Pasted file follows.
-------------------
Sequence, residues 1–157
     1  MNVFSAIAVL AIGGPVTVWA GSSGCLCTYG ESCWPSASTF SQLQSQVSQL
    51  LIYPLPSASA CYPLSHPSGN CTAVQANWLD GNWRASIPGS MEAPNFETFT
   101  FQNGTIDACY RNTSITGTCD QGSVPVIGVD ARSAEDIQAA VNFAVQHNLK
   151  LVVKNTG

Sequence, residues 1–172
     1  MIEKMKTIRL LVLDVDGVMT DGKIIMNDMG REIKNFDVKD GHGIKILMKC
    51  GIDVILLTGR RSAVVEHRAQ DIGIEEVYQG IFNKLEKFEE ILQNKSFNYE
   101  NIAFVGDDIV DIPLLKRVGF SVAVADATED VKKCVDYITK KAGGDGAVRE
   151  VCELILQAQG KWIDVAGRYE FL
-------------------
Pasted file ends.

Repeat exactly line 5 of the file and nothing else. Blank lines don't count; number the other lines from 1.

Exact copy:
   151  LVVKNTG